Posted: January 24, 2013
Flaming Gorge lives
...and with it, big questions about how Colorado will manage its water futureBy Bart Taylor
Yesterday, the Basin Roundtable Project Exploration Committee – the Flaming Gorge task force – released the results of its year-long evaluation of a proposed 500-mile pipeline to deliver water from western Wyoming to Colorado’s Front Range. The Colorado Water Conservation Board funded the study to take a close look at Flaming Gorge, an idea that’s stuck around to confound its critics, seemingly growing more interesting to planners as time’s gone by. Colorado’s entitled to more water from Colorado River. The state needs the water. CWCB, in a controversial decision, convened a statewide panel of Basin representatives to study the idea.
Last month I speculated that the task force would render a neutral finding on the project, a result I thought would also infuriate its opponents. After a brief look, the report does both – it’s neutral, and for critics, will be maddening. Without a clear rejection of the idea, especially one with a few warts, it will be difficult for opponents to put a positive spin on the release.
There’s little question this committee would have summarily flushed Flaming Gorge if given an opportunity. Early on, the project was clumsily steered through the water community by its chief advocates, Aaron Million and Frank Jaeger, Parker’s ex-water chief. Each now “sponsor” separate proposals, although the concepts are nearly identical. The environmental community loathes the plan; it’s a “legacy” pipeline that moves huge amounts of water over long-distances. Wyoming is up in arms. In short, it has become a headache for many in the water community.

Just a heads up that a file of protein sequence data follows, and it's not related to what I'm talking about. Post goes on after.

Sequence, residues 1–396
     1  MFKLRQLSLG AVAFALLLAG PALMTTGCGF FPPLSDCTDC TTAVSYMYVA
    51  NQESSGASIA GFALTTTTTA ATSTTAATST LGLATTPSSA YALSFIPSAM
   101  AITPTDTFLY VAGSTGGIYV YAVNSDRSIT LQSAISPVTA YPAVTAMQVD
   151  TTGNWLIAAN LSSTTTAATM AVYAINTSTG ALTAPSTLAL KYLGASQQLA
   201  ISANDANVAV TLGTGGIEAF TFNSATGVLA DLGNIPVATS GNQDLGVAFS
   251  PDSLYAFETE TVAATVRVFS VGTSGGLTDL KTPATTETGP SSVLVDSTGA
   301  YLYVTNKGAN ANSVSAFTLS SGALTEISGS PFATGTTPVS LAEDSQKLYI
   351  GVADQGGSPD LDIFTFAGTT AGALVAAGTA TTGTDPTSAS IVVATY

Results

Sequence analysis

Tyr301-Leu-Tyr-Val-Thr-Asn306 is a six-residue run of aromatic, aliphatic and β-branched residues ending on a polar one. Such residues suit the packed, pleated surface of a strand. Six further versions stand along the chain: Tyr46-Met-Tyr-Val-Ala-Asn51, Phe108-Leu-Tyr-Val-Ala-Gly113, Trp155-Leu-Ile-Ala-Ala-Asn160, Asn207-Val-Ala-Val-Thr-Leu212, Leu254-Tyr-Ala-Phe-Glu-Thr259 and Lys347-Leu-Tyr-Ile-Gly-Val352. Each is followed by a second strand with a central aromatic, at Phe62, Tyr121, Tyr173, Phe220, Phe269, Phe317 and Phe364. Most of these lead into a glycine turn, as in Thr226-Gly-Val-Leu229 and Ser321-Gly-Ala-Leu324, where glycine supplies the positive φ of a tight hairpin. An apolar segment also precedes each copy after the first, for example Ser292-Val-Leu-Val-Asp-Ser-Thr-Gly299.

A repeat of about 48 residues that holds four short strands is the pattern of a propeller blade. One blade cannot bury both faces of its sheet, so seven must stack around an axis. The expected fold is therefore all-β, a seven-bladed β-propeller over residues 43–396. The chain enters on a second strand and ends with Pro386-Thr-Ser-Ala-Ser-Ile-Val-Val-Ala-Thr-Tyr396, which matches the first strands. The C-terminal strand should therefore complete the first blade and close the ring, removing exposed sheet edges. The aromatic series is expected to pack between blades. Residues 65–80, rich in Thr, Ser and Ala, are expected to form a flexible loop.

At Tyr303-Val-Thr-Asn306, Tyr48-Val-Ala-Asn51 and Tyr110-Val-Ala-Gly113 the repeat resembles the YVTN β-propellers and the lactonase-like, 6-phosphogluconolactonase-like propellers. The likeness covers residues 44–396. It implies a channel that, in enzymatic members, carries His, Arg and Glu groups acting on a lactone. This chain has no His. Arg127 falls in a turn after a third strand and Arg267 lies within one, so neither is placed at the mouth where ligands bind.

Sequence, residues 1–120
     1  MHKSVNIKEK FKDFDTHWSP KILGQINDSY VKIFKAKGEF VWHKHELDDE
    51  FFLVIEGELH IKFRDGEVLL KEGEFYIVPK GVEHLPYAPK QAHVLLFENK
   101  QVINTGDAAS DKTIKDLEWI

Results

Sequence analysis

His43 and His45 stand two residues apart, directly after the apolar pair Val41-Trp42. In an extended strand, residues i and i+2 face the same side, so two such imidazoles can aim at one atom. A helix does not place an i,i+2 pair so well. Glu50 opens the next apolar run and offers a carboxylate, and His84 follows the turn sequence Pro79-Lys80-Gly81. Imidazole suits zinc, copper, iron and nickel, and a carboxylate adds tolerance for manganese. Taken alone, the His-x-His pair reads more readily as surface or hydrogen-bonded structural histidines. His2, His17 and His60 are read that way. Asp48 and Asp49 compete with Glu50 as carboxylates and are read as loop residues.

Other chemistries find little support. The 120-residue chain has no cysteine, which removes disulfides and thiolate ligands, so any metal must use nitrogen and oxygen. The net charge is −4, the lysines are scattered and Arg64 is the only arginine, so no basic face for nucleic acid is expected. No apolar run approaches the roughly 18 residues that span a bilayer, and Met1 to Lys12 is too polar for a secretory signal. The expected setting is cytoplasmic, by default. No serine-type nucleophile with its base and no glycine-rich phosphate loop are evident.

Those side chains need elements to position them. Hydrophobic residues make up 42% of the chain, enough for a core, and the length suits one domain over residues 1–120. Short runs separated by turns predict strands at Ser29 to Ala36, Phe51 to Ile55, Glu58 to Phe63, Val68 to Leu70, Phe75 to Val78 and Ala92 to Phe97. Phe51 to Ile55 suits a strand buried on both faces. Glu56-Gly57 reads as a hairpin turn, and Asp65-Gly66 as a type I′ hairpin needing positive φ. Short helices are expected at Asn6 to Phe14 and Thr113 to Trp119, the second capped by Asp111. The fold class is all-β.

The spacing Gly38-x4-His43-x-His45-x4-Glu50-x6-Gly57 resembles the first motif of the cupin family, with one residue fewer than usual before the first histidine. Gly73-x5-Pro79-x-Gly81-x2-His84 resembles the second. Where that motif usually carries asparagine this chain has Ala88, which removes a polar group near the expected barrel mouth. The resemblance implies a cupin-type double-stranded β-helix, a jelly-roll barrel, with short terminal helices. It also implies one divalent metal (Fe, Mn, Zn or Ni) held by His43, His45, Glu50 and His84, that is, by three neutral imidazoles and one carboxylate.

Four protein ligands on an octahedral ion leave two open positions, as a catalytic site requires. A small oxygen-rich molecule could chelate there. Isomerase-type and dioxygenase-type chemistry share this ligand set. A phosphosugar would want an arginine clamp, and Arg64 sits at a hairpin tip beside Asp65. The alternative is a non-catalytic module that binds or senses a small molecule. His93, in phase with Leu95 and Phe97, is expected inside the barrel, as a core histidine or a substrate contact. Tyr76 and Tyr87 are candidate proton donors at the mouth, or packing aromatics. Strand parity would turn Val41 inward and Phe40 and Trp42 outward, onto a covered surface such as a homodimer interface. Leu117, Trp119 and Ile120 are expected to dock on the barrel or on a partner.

It may also be the best option for Colorado to develop its remaining Colorado River Compact allocation, fill a supply “gap” that’s materializing much faster than anticipated by state planners, take the pressure off the state’s agricultural sector, and ease the strain on the main stem of the Colorado River.
As a result, Flaming Gorge apparently lives.
Whether Colorado’s water community can agree on how to proceed is another matter. The system seems ill-equipped to deal with projects of this magnitude. There’s not really a process in place to facilitate discussions. Half (or so) of the committee seem to believe the Water Conservation Board should be involved. The other half believe a role to be outside its jurisdiction. There’s confusion as to who should be the table, and different views on whether political advocacy even matters.
There is, apparently, agreement that Colorado needs the water, that the state would benefit from better process to evaluate and commit to projects, and that Flaming Gorge should be reviewed by a second panel. But what the panel would seek to accomplish is questionable. The report hinted a second committee won’t make a recommendation either:
It is important to note that stakeholders would not be asked whether they support a Flaming Gorge project or if they think one should be built—this question would make several stakeholders uncomfortable and potentially inhibit productive discussion.
What then, would a second Flaming Gorge decide?
Bart Taylor is the publisher of ColoradoBiz magazine. E-mail him at firstname.lastname@example.org.